Westbrook hit a defining buzzer-beating 3-pointer. Been there done, that.

Westbrook posted a historic triple-double. Been there, done that.

All three in one game?

That’s a new level for Westbrook, who lifted the Thunder to a 114-106 win over the Magic tonight while posting an incredible stat line: 57 points, 13 rebounds and 11 assists.

James Harden scored 53 in a triple-double just this season, and Westbrook has already one-upped that record.

This MVP race is one for the ages.

Russell Westbrook’s 3-pointer caps incredible Thunder comeback, send Magic game to OT (video)

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The Thunder trailed the Magic by 21 points in the second half and 14 points midway through the fourth quarter.

Russell Westbrook capped the incredible comeback with this 3-pointer to send the game to overtime.

This becoming the norm for Oklahoma City.

NBA: Timberwolves got away with key late foul in win over Pacers

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Paul George expressed extreme dismay after the Pacers’ loss to the Timberwolves last night — the latest cause for concern in Indiana with its biggest star just one season from free agency.

But perhaps George wouldn’t have sounded so disillusioned if that game featured correct officiating down the stretch.

Minnesota’s Kris Dunn got away with fouling Jeff Teague by disrupting the Pacers guard’s speed/quickness/balance rhythm with 21.6 seconds left, according to the NBA’s Last Two Minute Report:

Dunn (MIN) makes contact to Teague’s (IND) arm that affects his SQBR and causes him to lose control of the ball.

Because the Timberwolves were in the penalty, a correct would’ve sent Teague — who’s making 86% of his free throws this season and 84% for his career — to the line. He would’ve had two attempts to build on Indiana’s two-point lead.

Instead, he forced an off-balance shot, which Minnesota rebounded. Ricky Rubio drew a shooting foul on a 3-pointer on the other end, and his three free throws lifted the Timberwolves to a 115-114 win.

The two-minute report featured a few other missed calls: George getting away with pushing off then Wiggins getting away with fouling George on a possession where George missed anyway, Andrew Wiggins getting away with a travel on a possession where Minnesota turned the ball over anyway. But those were effectively wash’s. Dunn’s uncalled foul was the one of consequence — especially if it contributes, even in a small way, to George’s exit from the Pacers.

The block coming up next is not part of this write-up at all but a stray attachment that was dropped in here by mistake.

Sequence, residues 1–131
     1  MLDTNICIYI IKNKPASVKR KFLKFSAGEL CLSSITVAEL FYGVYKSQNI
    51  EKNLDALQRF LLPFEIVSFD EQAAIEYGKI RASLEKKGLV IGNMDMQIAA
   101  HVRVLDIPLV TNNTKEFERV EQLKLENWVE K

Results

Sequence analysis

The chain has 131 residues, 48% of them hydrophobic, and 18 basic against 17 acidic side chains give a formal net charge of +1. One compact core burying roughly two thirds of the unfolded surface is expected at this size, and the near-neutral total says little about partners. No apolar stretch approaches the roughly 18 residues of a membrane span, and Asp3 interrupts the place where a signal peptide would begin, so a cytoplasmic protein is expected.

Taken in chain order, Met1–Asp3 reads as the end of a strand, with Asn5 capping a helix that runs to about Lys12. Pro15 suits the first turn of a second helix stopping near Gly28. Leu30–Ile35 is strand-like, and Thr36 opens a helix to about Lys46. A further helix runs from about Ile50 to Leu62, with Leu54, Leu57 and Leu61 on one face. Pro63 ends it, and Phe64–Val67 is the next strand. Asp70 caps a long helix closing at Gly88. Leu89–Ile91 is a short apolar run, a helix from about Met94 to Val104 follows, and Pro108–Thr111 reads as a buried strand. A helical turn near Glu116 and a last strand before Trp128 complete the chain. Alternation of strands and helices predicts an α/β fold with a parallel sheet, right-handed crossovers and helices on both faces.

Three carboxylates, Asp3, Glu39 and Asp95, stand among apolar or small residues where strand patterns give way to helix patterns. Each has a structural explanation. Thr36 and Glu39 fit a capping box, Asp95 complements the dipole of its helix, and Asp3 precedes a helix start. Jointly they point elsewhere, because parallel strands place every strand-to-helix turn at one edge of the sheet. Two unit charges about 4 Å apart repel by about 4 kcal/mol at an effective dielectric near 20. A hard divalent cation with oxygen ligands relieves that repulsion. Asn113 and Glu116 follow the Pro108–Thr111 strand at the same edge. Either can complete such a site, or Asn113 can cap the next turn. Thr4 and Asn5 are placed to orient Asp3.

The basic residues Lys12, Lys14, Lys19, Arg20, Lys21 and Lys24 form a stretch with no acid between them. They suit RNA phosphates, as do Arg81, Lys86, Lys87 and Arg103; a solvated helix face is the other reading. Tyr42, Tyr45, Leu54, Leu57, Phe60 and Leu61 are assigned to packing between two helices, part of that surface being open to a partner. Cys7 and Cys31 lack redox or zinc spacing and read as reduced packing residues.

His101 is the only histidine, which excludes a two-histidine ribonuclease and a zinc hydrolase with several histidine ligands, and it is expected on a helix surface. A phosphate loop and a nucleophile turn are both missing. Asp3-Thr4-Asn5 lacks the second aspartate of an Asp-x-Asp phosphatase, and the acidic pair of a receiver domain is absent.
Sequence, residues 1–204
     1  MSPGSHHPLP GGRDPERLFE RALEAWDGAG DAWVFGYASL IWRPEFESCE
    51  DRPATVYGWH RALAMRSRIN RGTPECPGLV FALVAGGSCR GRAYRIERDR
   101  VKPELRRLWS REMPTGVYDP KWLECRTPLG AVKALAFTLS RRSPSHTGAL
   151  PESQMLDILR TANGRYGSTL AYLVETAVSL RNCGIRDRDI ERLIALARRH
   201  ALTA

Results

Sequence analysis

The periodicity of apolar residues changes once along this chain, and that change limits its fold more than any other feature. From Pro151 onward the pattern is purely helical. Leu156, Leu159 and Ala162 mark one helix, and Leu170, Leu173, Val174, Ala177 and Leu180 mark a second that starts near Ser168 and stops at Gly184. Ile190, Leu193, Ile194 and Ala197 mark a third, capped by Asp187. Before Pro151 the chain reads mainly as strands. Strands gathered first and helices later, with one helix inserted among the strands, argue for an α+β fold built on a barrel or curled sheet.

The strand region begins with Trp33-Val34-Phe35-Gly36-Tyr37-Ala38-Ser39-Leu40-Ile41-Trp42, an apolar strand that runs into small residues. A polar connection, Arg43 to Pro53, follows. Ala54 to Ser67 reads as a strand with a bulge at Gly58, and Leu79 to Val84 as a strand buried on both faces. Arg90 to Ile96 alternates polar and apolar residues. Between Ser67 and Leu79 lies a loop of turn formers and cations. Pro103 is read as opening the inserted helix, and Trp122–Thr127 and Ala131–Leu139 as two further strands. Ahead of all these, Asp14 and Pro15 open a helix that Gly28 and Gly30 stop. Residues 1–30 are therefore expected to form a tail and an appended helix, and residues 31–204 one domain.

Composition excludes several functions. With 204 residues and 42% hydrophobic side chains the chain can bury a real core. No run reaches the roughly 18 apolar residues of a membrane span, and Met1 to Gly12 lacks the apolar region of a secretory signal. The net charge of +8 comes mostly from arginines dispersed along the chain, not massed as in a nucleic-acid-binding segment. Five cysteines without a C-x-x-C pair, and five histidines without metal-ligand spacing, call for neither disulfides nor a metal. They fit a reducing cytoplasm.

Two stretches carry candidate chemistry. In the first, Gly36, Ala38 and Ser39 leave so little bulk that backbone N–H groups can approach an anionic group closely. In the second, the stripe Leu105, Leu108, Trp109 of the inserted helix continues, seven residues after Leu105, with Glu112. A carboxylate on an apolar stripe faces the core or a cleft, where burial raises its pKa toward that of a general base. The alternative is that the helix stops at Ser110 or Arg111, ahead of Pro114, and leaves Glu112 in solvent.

Edmond Sumner declares for NBA draft despite torn ACL

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Edmond Sumner has grown about five inches since high school.

That has helped turn the 6-foot-5 Xavier point guard into an intriguing NBA prospect — but also seemingly contributed to physical complications. Sumner missed nearly all of his freshman year with knee tendinitis. Then, after a promising second season and start to his third, he tore his ACL in January.

Still, he’s entering the NBA draft.

Sumner:

Rick Broering of Musketeer Report:

Like with Duke’s Harry Giles, medical testing will be huge with Sumner. But at least Giles ended the season on the court. Sumner might not be healthy at all during the pre-draft process.

Sumner looked like a borderline first-round pick before the injury. This probably pushes him into the second round.

His long strides provide impressive speed and quickness, and he’s still shifty. Add quality court vision, and his ability to drive by defenders is even more valuable.

A 6-foot-8 wingspan and good lateral mobility also help make him a quality defender.

But it’s also concerning that so much of his positives could be undermined by his knee issues, especially considering his unreliable jumper. If Sumner can’t move like he did before getting hurt, I don’t see how he sticks in the NBA.

If Sumner’s knees check out, it’s worth rolling the dice on him and hoping his jumper develops. He might even be OK without shooting range, though that’d lower his ceiling considerably.

Again, though, the first thing is examining his knees.